Columbus, Ohio -- June 10, 1994 -- Ohio Supercomputer Center (OSC) Research Scientist Don Stredney and J.
By Pam Frost Gorder
COLUMBUS, Ohio -- October 22, 2008 -- Researchers have created a new material that overcomes two of the major obstacles to solar power: it absorbs all the energy contained in sunlight, and generates electrons in a way that makes them easier to capture.
Ohio State University chemists and their colleagues combined electrically conductive plastic with metals including molybdenum and titanium to create the hybrid material. This new material is the first that can absorb all the energy contained in visible light at once.
COLUMBUS, Ohio – June 13, 2007 -- The National Science Foundation (NSF) has awarded a three-year, $695,000 grant to develop an associate degree program in computational science to a statewide coalition involving an educational initiative of the Ohio Supercomputer Center (OSC) and three Ohio community colleges.
Chen leverages Ohio Supercomputer Center resources to refine TURBO
Columbus, Ohio (Dec. 20, 2011) – For most of us, the word “turbomachinery” may conjure up images of superheroes or fast exotic cars, but in reality most people leverage turbomachinery to get things done nearly every day.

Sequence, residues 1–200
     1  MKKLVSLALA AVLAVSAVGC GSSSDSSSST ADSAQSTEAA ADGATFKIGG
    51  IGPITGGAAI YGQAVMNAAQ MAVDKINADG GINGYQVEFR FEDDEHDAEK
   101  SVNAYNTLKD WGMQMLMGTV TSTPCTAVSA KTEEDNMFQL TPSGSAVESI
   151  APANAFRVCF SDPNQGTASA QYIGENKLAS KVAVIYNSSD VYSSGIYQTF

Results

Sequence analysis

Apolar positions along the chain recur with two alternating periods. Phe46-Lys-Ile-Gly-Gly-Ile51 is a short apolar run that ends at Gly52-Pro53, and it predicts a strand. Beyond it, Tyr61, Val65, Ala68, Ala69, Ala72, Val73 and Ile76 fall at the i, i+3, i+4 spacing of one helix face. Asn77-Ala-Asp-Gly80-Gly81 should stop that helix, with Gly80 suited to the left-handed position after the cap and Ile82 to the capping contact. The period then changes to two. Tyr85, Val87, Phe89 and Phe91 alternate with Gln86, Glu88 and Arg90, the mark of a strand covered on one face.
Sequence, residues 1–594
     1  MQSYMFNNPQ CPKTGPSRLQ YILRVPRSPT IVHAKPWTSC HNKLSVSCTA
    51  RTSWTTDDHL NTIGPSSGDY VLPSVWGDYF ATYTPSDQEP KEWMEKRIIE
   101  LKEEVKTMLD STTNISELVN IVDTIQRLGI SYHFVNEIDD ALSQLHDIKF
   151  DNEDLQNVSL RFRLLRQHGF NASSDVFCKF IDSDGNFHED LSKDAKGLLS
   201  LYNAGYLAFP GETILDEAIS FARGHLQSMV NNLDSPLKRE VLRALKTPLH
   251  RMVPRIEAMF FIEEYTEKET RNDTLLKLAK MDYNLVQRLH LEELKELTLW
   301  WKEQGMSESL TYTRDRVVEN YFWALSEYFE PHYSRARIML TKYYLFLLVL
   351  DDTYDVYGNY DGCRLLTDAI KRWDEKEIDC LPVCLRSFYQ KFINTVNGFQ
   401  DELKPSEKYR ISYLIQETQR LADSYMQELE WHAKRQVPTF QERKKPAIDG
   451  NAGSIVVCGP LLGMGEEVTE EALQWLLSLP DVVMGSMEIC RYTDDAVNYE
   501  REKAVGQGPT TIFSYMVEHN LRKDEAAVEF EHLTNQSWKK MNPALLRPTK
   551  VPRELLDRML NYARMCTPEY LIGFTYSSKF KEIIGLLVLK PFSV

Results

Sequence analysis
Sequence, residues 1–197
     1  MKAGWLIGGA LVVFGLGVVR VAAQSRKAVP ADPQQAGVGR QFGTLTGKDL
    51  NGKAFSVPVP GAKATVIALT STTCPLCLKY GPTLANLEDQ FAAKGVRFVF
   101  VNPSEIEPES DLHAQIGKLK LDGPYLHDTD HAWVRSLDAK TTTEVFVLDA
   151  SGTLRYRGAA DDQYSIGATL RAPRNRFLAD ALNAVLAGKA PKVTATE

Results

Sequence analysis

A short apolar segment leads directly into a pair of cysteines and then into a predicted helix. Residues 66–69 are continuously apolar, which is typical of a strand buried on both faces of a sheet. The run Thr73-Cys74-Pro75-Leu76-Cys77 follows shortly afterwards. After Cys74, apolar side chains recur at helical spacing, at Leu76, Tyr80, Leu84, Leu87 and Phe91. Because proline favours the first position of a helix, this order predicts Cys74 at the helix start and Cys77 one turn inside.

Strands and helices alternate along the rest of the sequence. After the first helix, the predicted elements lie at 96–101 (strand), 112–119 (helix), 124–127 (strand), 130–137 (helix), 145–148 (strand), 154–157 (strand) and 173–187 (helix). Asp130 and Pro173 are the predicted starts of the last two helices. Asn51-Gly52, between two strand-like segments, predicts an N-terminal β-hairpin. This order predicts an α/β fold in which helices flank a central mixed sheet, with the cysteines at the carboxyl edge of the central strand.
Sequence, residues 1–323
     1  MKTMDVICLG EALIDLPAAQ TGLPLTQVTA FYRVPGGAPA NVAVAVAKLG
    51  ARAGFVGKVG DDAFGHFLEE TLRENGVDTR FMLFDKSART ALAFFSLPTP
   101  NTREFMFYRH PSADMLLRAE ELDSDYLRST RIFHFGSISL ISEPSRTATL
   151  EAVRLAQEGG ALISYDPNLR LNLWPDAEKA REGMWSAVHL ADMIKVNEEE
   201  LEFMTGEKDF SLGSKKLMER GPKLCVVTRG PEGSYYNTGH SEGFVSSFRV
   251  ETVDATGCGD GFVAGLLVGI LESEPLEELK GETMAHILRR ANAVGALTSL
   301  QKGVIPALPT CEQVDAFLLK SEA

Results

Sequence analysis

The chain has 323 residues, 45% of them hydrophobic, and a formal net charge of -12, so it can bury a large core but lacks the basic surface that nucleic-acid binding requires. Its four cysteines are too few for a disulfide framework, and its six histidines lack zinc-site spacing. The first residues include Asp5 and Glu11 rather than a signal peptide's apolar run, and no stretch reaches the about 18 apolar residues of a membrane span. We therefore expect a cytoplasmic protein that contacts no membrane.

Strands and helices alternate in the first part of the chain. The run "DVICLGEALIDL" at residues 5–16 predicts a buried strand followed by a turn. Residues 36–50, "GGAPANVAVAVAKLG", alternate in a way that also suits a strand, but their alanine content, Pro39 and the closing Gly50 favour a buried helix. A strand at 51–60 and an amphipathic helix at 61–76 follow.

Ohio Supercomputer Center (OSC) Executive Director Stan Ahalt’s Blue Collar Computing speech on high performance computing (HPC) for industry and research applications received enthusiastic support at the SC2004 conference in Pittsburgh, Pa., last week.
As more than 1,000 international audience members listened, Ahalt explained that HPC has reached a critical juncture as economic forces continue to shape its market segment.
Quarterly, online publication extolls teaching third approach to scientific advancement
Colmubus, Ohio (December 21, 2010) – A new online publication unveiled this week, the Journal Of Computational Science Education (JOCSE), will publish peer-reviewed articles focusing on various aspects of teaching computational science – the application of computing, especially supercomputing, to the solution of complex scientific and engineering problems.
Visualizations will allow students with mobility impairments to explore caves
Columbus, Ohio (Aug. 17, 2011) – College students with mobility impairments who are studying for a career in the geosciences will soon be able to explore a computer-generated simulation of a large cave system to meet the degree requirements of field-based learning experiences.
OSU grad student explores strengths, challenges of Cray, IBM, NVIDIA
XSEDE designation aims to help researchers advance scientific discovery